New School Year, New Me

With the new school year, goals and wishful thinking get confused for each other as students set unrealistic expectations for themselves


Cartoon by Summer Aguirre

“If you learn good habits now and try hard in class, high school will be easier for you,” my seventh grade history teacher told me. I rolled my eyes and thought, “I’ll deal with high school when I am in high school.” Well, my first day of high school arrived a lot faster than I thought it would. The reality soaked in that all my efforts to procrastinate only backfired when it was time to get my school work together. Many students, like myself, enter high school thinking that their work ethic can change overnight, only to realize that hard work is required to make that happen.

In one way or another, I, along with many of my peers, looked at freshman year as a restart button. It was the perfect opportunity to start off on a better foot and get the grades that weren’t just passing, but exceptional.

I had assumed that if I told myself that I need to work hard and get good grades, then that would be the outcome. Though saying those things and doing those things are completely different. As the saying goes, “If you put your mind to it you can achieve anything.”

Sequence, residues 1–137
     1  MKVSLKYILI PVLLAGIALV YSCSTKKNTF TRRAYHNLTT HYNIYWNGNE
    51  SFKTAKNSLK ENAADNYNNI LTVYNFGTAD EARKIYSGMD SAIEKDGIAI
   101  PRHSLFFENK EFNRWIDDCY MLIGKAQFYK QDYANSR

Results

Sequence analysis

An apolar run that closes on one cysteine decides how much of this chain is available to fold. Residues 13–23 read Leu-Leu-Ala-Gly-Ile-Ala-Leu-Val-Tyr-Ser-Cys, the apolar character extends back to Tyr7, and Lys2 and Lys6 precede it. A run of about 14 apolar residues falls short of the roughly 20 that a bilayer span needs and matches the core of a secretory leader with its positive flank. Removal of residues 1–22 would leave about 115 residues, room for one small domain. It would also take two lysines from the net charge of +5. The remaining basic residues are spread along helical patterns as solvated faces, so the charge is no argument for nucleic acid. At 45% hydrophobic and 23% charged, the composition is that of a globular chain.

Psychologist Angela Lee Duckworth found that students who succeeded the most in school were those that had the most passion and perseverance towards their long term goals.

Though I did eventually step up to the plate and put the effort in, I learned that a complete transformation isn’t a reasonable expectation at the start of the school year. Comparatively speaking from how I was in middle school to how I am in high school, my study habits and work ethics have changed significantly, but that didn’t happen all at once. Setting my goal in the beginning of the year to work harder was an important first step, but sticking to the goal took more persistence and effort than what I had initially expected.

A new school year does give the chance to have a fresh start with new teachers and new students, but as Duckworth said, passion and perseverance are key ingredients for success.

As Duckworth put it, “Grit is sticking with your future, day in, day out, not just for the week.”

So yes, you should aim high in the beginning of this school year and set goals you want to achieve, but don’t aim aimlessly. Aim with dedication.